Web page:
The Do's and Don'ts Of Cooking With Greek Yogurt
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While we love it straight from under the parchment, cooking with Greek yogurt is another way to incorporate it into your diet. To avoid congealey failure and maximize delicious success, follow these tips.
- Don't expect it to act just like regular yogurt - chiefly, don't bake with it unless it's thinned out and don't heat it quickly or the concentrated milk proteins will separate from the remainder of the whey, never to unite again. Temper it before adding it to a warm dish, and only then, right at the end.
Don't try to make it before you've mastered regular yogurt, straining three times requires more effort and planning than you might think. Cool tip: big coffee filters.
Don't push it. Greek yogurt is a great substitute for regular yogurt or even mayonnaise in certain applications. That said, your BLTs and lobster rolls will never forgive you if you try to force that transition.
Don't accidentally use vanilla before it's too late. I'm just repeating it cause it's happened to me more than once. Grossness on the raita front.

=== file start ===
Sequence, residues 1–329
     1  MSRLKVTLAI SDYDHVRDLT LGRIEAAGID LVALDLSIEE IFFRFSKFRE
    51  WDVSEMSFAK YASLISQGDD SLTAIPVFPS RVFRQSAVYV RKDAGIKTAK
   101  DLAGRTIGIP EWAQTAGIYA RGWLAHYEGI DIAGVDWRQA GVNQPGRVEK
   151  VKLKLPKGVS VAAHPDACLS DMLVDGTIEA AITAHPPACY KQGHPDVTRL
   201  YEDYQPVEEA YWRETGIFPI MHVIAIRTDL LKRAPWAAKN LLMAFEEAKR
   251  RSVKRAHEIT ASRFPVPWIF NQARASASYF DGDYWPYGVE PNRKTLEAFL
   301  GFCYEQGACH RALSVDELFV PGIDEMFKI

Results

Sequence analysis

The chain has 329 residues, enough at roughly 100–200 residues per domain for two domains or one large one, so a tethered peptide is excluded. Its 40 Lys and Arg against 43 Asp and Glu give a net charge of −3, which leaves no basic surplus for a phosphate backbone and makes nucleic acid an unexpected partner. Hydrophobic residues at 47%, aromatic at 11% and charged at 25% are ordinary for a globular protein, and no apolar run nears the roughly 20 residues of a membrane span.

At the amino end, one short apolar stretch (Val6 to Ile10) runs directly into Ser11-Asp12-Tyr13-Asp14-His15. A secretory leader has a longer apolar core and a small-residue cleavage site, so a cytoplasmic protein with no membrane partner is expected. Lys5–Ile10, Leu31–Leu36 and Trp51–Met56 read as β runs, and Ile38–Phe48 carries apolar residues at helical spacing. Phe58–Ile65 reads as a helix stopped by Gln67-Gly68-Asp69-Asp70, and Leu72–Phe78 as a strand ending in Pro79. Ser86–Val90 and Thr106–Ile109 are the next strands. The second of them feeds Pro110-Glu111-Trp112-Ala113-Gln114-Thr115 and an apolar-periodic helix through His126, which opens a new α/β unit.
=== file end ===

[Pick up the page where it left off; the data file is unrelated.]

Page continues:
Don't use aluminum cook or bakeware when dealing with Greek yogurt, the acidity reacts unpleasantly to the metal.
- Do substitute Greek yogurt for buttermilk or heavy cream, two things you might not readily have in your fridge (who has buttermilk in their fridge?) Just water it down slightly to match the consistency.
- Do put it in your ice cream maker, it freezes faster and creamier than regular yogurt. Plus the healthy bacteria will even survive a freezing!
- Do be aware of the temperature. The longer your Greek yogurt is out of the fridge the thinner it will appear. A stint in the fridge will thicken it back up again, so give it a chill before you deem it ruined.
- Do marinate! This is once instance where Greek yogurt's clinginess is a good thing. You can use less Greek yogurt in a traditional marinade like tandoori but still get the same tenderizing and moisture and flavor-enhancing effect.
Practice cooking with Greek yogurt: